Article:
Celebrating 200 years: 1903
This Aug. 9, 1903, front page of The Arkansas Gazette reports a notorious event in a feud that plagued Union County from 1902-1905.
In trying to explain the feud in those years, Gazette accounts first traced it to post-Reconstruction racial conflicts, but subsequent reports tied the feud to a more recent event: the killing of a man named Bob Mullins by Constable H.L. Dearing in September 1902. Mullins was a close friend of the Parnell family, and Marshall Parnell and his sons, Mat, Jim, Tom, Walter, Dan, Ed and John opposed Dearing and his friend City Marshal Guy B. Tucker.
On Oct. 9, 1902, tensions between the two factions erupted in a firefight in front of the courthouse in El Dorado. After the smoke of about 75 gunshots cleared, Walter and Tom Parnell and Dearing were dead; Tucker had been shot six times. Tucker, Mat and Jim Parnell, and Thomas Newton and Dr. R.A. Hilton, both Tucker allies, survived what the Gazette report called a fusillade.
Mat and Jim Parnell were charged with murder and assault, respectively, but were told to leave the state by May 26, 1903, and the charges would be held in abeyance. Tom’s son and family left with them.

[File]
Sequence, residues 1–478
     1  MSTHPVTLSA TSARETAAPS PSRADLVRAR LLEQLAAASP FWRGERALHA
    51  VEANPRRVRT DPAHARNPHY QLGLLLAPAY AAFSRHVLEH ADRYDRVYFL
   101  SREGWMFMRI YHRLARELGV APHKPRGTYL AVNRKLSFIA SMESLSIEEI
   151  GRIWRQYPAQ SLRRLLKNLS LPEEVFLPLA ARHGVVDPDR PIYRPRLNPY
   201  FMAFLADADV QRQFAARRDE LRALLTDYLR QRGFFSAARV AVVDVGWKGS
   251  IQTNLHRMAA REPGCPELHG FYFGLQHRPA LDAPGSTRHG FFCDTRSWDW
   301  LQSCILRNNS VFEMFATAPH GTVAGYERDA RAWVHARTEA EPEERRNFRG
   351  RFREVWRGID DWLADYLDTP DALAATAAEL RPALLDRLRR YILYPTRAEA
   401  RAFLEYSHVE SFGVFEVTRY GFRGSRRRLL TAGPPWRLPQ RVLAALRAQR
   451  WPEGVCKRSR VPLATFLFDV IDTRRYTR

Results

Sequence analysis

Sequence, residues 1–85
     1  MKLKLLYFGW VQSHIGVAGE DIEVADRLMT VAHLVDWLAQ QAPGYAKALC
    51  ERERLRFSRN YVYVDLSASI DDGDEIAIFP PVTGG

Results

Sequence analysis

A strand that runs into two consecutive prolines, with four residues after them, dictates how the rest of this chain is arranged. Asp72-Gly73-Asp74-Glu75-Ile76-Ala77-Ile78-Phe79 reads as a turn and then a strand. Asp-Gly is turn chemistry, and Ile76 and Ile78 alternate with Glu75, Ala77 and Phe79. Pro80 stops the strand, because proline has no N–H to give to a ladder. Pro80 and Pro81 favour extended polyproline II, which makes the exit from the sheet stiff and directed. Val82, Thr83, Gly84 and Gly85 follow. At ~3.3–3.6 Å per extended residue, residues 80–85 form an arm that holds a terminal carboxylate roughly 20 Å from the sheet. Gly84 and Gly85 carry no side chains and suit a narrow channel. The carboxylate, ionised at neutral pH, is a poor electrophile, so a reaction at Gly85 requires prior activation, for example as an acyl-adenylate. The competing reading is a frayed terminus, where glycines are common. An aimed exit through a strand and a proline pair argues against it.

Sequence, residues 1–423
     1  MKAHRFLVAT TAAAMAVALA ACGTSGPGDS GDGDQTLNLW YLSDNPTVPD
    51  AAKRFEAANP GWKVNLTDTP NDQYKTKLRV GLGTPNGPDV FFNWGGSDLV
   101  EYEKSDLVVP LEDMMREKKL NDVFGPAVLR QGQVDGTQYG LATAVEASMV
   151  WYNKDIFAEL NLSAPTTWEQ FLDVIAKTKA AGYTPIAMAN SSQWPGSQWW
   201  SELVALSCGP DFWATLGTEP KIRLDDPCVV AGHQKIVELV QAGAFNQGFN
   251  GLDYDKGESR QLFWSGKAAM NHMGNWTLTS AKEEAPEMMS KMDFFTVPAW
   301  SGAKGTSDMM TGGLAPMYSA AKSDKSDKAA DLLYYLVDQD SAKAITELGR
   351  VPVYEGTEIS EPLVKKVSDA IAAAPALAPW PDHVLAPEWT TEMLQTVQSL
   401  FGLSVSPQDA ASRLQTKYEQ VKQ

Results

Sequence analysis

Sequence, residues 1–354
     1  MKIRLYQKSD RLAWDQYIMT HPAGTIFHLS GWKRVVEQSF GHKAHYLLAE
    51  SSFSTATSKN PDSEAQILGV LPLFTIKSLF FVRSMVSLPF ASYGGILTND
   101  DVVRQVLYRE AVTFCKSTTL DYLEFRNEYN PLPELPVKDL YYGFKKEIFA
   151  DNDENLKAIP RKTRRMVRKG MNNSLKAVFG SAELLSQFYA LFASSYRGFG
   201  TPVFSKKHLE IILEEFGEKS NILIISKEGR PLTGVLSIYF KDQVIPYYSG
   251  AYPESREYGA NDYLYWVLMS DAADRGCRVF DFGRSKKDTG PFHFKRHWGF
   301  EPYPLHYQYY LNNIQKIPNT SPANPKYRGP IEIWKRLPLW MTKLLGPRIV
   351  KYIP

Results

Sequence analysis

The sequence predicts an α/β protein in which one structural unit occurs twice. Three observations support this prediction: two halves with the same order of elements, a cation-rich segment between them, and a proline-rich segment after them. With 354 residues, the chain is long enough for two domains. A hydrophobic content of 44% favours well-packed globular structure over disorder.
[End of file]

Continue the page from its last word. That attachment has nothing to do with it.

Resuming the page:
But that wasn’t the end of the story. The Aug. 9 Gazette reported that on Aug. 8, the day after a jug of poisoned whisky had been sent to Tucker, he met John Parnell on the street in El Dorado. Tucker later claimed he acted in self-defense, that when he saw Parnell reaching for the gun in his vest he simply beat him to it, shooting and killing him. Tucker immediately ran across the street to the courthouse and gave himself up.
He was confident he would be acquitted, but that verdict wasn’t returned until March 1905, after multiple delays. Marshall Parnell and Pearl, wife of John, wrote a letter to the Gazette published Aug. 21, 1903, saying the shooting was unprovoked; and they wanted justice to be done.
Shortly after the shooting, Tucker left El Dorado, worried about the safety of his friends and hoping to take all of the trouble with him. He worked as a foreman at the new Capitol building in Little Rock. But tensions remained high in Union County, and subsequent deaths there would be linked to the feud.
The Central Arkansas Library System Encyclopedia of Arkansas notes that former Gov. Jim Guy Tucker, grandson of Guy Tucker, and Blanche Parnell Ward, a daughter of Walter Parnell who became a philanthropist, had an amicable meeting when Tucker visited El Dorado in 1993 as governor.
The October 1902 shootout is commemorated in a re-enactment each summer in El Dorado.
— Jeanne Lewis
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